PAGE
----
Okay, so those first home buyers. What to do? All the FHBs out there could be justified in feeling as if they are trying to climb up a ramp, and the ramp is getting more steep, because someone is increasing the gradient on the ramp as they try to go up it, thus making it harder and harder for them.
And the 'ramp' of course is what the wannabe FHBs first have to scramble up if they then want to get on the 'ladder' - as owning a house has become increasingly known.
Just when the FHBs might have felt things were starting to go their way, with investors being clamped down on, the Reserve Bank (RBNZ) has said it plans to tighten lending rules from October of this year.
Assuming that all does happen, (and I'm writing this as community Covid issues are still developing here, so many bets could yet be off), then much focus will go on the FHBs.
The RBNZ is proposing to, in part, take the loan-to-value ratio (LVR) rules back to their starting point in October 2013.
At that time the banks were given a 'speed limit' of 10% - meaning that only 10% of their new lending could be for high LVR mortgages. And for the purposes of the calculation, high LVR meant loans greater than 80% of the value of the property. (Or to swing it round, it meant buyers with deposits of less than 20%).
That was a pretty tight limit, and it had an impact.
At the moment, the 'speed limit' is double what it was then. It is 20% now.
So, it is being halved. That sounds on the face of it like it could be a bit lethal for the FHBs, but will it be?
The first iteration of the LVR rules included, as explained above, a blanket rule for the banks of no more than 10% high LVR lending - to anybody. So, no differentiation was made between the different buyer types, IE the FHBs, other owner-occupiers and investors.
There was much outcry that the rules naturally disadvantaged the FHBs - since they, by nature of trying to get a deposit together without any housing collateral, were, well, at a disadvantage.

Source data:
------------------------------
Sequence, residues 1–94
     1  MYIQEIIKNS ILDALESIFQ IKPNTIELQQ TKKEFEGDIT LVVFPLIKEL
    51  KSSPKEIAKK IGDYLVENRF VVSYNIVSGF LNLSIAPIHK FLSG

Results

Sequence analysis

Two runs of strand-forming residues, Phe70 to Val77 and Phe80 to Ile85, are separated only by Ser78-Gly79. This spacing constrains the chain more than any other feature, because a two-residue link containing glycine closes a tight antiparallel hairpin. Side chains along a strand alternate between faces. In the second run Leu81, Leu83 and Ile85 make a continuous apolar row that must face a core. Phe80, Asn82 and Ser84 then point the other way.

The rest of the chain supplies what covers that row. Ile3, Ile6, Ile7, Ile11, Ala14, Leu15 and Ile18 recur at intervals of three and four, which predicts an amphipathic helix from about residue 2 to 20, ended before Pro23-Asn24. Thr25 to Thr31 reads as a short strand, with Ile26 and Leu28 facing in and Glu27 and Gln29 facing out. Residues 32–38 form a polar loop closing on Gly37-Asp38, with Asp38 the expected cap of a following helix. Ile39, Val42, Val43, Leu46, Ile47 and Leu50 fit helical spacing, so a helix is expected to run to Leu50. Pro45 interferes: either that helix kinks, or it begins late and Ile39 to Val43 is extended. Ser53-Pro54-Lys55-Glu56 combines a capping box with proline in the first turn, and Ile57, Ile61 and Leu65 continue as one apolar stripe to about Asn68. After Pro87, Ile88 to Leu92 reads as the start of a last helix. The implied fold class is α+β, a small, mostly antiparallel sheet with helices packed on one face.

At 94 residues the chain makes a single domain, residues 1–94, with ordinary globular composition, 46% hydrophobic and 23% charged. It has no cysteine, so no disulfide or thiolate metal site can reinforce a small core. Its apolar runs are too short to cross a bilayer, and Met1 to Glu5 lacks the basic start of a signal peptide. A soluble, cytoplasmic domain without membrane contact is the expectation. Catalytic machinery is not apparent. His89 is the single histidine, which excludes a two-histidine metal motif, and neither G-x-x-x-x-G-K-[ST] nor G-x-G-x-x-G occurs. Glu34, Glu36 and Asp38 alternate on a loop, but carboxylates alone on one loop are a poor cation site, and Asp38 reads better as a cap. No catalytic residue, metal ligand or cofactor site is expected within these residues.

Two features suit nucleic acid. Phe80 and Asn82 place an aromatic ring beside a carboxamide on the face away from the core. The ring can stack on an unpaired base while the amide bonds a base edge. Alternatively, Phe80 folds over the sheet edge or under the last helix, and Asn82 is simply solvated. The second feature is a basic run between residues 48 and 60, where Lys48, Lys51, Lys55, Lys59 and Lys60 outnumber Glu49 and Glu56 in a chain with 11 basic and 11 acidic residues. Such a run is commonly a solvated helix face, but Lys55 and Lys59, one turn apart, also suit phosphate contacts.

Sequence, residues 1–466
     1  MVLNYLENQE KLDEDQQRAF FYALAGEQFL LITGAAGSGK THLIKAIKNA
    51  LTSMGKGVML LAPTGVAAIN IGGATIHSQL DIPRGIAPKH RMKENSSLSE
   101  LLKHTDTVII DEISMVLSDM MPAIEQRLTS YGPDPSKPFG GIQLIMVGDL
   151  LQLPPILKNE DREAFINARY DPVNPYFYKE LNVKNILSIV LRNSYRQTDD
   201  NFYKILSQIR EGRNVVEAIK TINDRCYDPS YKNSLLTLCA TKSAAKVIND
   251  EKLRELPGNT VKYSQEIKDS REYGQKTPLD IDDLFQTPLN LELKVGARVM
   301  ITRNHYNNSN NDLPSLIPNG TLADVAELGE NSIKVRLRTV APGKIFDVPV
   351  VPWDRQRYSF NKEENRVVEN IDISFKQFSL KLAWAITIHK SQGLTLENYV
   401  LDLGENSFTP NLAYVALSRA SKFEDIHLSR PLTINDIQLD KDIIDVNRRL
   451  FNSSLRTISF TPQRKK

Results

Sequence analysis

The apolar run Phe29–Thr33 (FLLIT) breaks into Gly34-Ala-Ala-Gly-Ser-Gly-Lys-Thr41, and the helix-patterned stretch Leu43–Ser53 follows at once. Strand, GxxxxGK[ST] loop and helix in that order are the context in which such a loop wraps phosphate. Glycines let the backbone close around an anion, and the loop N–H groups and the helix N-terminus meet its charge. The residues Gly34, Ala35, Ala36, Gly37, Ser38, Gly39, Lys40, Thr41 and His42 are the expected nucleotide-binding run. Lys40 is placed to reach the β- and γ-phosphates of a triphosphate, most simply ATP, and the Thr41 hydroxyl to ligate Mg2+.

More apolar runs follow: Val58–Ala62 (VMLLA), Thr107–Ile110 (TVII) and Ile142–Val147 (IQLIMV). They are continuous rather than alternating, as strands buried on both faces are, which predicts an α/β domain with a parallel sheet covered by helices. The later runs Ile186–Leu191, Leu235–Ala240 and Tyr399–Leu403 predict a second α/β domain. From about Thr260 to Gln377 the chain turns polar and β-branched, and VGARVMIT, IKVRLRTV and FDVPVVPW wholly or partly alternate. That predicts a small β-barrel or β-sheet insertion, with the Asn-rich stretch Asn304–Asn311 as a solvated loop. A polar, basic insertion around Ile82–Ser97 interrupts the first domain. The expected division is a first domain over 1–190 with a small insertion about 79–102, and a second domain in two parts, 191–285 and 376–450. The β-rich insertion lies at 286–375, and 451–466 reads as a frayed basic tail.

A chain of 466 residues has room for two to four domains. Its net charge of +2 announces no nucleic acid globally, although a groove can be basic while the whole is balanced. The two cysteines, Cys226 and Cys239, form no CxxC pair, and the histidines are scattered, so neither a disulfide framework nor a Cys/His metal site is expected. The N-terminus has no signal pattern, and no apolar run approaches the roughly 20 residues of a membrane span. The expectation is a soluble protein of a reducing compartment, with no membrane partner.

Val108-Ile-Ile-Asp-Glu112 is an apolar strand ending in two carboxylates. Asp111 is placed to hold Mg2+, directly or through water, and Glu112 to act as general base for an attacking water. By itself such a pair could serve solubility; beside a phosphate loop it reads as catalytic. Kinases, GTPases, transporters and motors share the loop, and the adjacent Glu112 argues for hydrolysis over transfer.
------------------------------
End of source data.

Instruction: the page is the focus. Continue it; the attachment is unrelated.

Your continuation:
A detailed review the RBNZ subsequently undertook on the LVRs, and which was published in 2019, revealed that the initial iteration of the LVRs had indeed "disproportionately restricted" purchases of houses by first home buyers.
The clock has NOT turned back
Well, so, what's going to happen now? Will it be the same? FHBs completely frozen out?
Actually, I think there's some hopeful grounds to believe maybe not.
The RBNZ is tightening the LVR rules, but it is not exactly turning back the clock.
The big difference is that we now have the LVR policy that was first introduced successfully in 2016 in place. Yep, that's right, this includes the 40% deposit rule for investors.
Where in the immediately post 2013 LVR era the investors could happily just outbid the FHBs it won't be as easy now.
So, I think the FHBs possibly have some reason for hope that their share of the monthly mortgage advances, which as of June was 19.3% can at least be kept somewhat higher than in the early days of the LVRs when it sank below 10%. And not coincidentally, the investors' share of the market at times in the mid-2010s hit 35%. In June that share fell to under 17% as the reimposition of tighter deposit rules has hit.
Having a detailed look at the latest (June) borrowing figures for the FHB grouping shows that in the month they borrowed $1.649 billion. Of this, $621 million (37.7%) was for loans where the deposit was less than 20%.
They need the high LVR loans